Monday, October 8, 2012

Have Words, Will Travel


There are some words so rich in personality and atmosphere they don't need pictures to accompany them. Here are a few.

Aperitifs.
Aesthetes.
Beaton.
Beerbohm.
Blotting paper.
Bohemians.
Brilliance.
Camellias.
Cap d’Antibes.

Just reading them causes my brain to flood with dendrites on a frantic quest to hook up and make high-speed connections. 

Caravansary.
Cocktails.
Country manors.
Crimson.
Crinolines.
Decadence.
Disarray.
Dunes.
Dusk.
Élan.
Ennui.

It doesn't matter that one minute ago I was consumed by carpools and deadlines and grocery lists and parking tickets and needing more cat food. 

Fete champetres.
Firesides.
Fog.
Gardens.
Gipsies.
Glamour.
Heath.
Hedgerows.
History.
Hunger.
Hydrangeas.

Now I'm outside Cecil Beaton's house in the English countryside drinking champagne in a velvet suit. Now I'm running barefoot across a bank of purple heather in the middle of the Scottish moors. Now I'm at an alfresco dinner party in East Egg surrounded by thousands of twinkling lights.

Imbroglios.
Insouciance.
Jam.
Jardinière.
Jetset.
Kilts.
Kiss.
Lavender.
Lilacs.
Lillet.
Loucheness.
Madeleines.
Marrakech.

Now I'm wrapped in lavender-scented sheets at an exotic European sanatarium high in the mountains. Now I'm on camelback, following a long line of dusty travelers across the North African desert. Now I'm sitting in a café near Biarritz in front of a small plate of golden madeleines.

Mirth.
Mitford.
Moonlight.
Moué.
Muscat.
Musk.
Nape.
Novellas.
Operetta.
Opium.
Pallor.
Picnics.

Buddha said, "All that we are arises with our thoughts. With our thoughts, we make our world." I find that enormously inspiring. If we are what we choose to think, then all of us can travel farther than any passport can ever take us.

Portmanteaus.
Queerness.
Quietude.
Red.
Rhubarb.
Regret.
Rickshaw.
Ripeness.
Ruffles.
Sheep.
Souks.
Submission.

I have a fantasy that if I lost all my worldly possessions in a fire, as long as I had my list of words, my life would still have beauty and meaning.

Tea.
Thistles.
Turbans.
Untidiness.
Verve.
Vivienne Westwood.
Weald.
Wellies.
Wit.
Yeatsian.
Yielding.
Zaftig.
Zen.
Zephyr.
  
By the way, do these words sound at all familiar? They should -- many of them came from you. In a blog post last year, I offered up my own small collection and asked you to add to it. I am forever indebted to you because of that. Some of your contributions (scrimshaw, turbans, caravansary, moué, scaramouche, brocade, muscat and more)  have woven themselves into the fabric of my being.

Okay now quick without thinking too much.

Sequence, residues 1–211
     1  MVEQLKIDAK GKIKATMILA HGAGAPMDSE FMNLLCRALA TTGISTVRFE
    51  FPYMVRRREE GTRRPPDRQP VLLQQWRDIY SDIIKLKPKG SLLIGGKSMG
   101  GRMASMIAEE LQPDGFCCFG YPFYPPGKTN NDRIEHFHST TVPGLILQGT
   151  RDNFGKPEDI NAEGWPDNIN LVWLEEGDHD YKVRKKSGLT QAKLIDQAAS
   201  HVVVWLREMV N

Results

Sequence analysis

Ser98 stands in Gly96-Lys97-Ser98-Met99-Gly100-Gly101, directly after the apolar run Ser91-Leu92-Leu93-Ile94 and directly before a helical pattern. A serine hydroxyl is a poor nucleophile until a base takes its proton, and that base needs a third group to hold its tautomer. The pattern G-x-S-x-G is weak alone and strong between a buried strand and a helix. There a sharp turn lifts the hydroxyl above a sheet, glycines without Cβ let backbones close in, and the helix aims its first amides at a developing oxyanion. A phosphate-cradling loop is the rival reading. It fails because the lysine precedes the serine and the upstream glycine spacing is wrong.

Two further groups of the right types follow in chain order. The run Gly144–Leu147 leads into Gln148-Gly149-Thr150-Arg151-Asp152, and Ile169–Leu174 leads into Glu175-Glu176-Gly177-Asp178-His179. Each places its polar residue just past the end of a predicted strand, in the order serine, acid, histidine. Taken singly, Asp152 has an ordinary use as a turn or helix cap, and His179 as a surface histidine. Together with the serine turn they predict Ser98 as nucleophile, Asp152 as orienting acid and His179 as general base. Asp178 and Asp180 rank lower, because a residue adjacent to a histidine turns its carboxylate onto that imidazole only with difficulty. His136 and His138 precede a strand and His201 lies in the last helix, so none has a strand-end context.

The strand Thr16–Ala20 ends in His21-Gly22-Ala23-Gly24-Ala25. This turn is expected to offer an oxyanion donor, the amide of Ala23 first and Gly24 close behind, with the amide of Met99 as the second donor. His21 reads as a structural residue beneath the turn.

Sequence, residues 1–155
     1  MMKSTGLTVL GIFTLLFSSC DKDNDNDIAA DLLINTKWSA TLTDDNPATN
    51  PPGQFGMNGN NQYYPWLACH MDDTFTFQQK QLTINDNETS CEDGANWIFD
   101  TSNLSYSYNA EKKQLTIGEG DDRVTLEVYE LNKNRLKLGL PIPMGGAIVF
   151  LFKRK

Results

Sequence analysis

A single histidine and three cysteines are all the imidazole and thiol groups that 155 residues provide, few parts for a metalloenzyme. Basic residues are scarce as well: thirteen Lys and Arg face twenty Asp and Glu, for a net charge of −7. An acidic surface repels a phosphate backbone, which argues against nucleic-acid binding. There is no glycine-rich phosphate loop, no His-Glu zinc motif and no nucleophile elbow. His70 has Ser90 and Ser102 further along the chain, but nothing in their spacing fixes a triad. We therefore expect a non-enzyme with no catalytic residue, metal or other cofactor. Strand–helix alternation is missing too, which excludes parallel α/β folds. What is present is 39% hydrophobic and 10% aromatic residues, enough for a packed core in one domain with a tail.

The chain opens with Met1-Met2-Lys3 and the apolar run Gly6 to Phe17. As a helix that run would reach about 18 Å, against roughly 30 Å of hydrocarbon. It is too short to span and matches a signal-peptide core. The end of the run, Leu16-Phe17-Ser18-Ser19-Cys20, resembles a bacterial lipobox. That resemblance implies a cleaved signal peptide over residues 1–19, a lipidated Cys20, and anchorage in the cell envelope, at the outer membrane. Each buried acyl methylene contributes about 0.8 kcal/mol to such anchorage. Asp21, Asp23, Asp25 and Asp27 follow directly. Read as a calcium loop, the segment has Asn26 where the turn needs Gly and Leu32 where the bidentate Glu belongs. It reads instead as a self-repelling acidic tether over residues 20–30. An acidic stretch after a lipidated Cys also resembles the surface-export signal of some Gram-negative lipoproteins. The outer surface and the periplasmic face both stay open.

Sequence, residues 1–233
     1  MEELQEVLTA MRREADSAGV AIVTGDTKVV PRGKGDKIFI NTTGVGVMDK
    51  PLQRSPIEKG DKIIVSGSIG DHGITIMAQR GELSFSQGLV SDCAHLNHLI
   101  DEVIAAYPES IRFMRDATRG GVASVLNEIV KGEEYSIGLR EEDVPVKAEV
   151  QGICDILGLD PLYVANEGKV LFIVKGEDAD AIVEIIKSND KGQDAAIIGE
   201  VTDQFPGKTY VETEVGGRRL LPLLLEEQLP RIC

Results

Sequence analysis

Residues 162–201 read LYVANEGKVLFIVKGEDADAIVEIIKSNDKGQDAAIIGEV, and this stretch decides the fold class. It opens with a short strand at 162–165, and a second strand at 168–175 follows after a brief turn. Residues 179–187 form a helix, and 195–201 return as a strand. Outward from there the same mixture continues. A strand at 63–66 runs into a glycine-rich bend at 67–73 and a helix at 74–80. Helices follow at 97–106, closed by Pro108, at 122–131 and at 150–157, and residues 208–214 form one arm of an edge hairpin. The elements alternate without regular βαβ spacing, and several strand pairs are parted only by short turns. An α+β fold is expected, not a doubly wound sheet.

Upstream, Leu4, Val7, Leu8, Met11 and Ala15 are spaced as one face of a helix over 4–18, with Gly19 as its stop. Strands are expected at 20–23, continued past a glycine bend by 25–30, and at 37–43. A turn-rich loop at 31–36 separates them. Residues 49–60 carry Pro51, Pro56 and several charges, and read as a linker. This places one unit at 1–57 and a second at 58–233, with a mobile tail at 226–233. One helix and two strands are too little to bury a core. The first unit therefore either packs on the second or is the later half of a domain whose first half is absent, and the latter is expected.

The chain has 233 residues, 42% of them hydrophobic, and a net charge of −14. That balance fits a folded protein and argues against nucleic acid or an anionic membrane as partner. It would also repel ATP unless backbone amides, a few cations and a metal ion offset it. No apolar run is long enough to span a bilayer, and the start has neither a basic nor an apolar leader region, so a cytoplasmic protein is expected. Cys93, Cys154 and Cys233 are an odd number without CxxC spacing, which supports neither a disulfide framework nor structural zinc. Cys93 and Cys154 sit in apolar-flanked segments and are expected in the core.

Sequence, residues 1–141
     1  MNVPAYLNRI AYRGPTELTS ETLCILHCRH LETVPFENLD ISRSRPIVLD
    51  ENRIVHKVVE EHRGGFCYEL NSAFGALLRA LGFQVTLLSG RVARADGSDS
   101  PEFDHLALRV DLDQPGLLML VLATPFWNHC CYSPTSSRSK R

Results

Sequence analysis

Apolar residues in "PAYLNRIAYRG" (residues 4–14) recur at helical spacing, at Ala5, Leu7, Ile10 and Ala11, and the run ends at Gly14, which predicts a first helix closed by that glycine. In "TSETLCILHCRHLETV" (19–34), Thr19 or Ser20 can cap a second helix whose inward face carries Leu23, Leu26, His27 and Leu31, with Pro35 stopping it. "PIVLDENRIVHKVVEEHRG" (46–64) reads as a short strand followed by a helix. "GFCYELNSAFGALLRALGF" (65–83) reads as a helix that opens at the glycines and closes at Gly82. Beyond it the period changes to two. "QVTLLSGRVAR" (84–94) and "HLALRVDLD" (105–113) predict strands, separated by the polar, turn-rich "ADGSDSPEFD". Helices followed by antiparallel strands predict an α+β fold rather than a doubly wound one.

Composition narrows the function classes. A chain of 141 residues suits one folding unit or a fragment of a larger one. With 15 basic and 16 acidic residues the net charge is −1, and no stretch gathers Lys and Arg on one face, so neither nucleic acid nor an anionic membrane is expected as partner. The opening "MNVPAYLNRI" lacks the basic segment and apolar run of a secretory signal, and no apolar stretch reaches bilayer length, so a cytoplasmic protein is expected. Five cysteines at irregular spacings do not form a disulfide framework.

A word, please.

83 comments:

Ryann Plack said...

Sanctuary. xxxx

Lily said...

Oh Lisa I love this post! I have scribbled a list of such words in my journals, and look at them once in awhile like favorite jewels or miniatures...
And when I go to a faraway place, I'll write a word on a stone and cast it in the river, as an offering to the universe.
So here is my offering to you: Sargasso.
xx Lily

Jo said...

moxie

Lisa Borgnes Giramonti said...

Lily:
Of course you would say Sargasso! Love it!

Pat said...

I always pay attention to cashmere and writing paper.

Emily said...

REVEURS

Yes, I loved reading "The Night Circus", and I loved the use of the word Reveurs!

Janelle McCulloch said...

Exquisite. Which is what this list is.
xx

pigoletto said...

Effervescence! Crepe de Chine! Eggplant! Chinoiserie! Samovar!

Kathy Leeds said...

Sillage....

pve design said...

lackadaisical.
pve

jennifer said...

Gloaming

helen tilston said...

Having just returned from Ireland and reading on a long flight, two words come to mind immediately

"Sacre coeur"
"smithereens"

You are right Lisa, all can be lost except what we keep in our minds

Helen

tokyojinja.com said...

Indigo

Carol said...

Yacht
Macabre
Equipoise

Camille Farias said...

Spiced
Vellum
Gilded
Buttress
Scones
Chrysanthemum

Lisa Borgnes Giramonti said...

Lisa:
Oh you guys are SOOOO good.

Kelly@MySoulfulHome@etsy.com said...

Zelda

Pimm's and Lemonade said...

Benevolence

aubergine

Pimm's and Lemonade said...

benevolence

aubergine

EAC said...

Leather.

I am curious to see what you think of Mr. Penumbra's 24 Hour Bookstore...

ArchitectDesign™ said...

panache - of which you have plenty!

kstyle said...

Equipoise!

lucia martinez said...

sapphic!

House Of Hemingway said...

Sumptuous

Lovely list...

WWW.houseofhemingway.com

Kate @ Savour Fare said...

Terrace, Demimonde, Savoir Faire, Savile Row

Kelly said...

Gable.
Repast.
Sanguine.

Love this post!

Tricia Rose said...

Succulence. Perjinct.

KO said...

lushness
kerfuffle
plein air
cornbread
high dudgeon
languid
shimmer
cottage

Unknown said...
This comment has been removed by the author.
Deborah Ginocchio said...

Passegiata
Ochre

Pamela Terry and Edward said...

Caledonia.
My favourite.
xo

Marsha said...

Farouche.

Pat said...

Thought of another: lapis lazuli.

Martha Burkert said...

Lagniappe

Denise said...

mimosa, jasmine, pinfeather, deepening, barouche, crepuscular

Melissa Kojima said...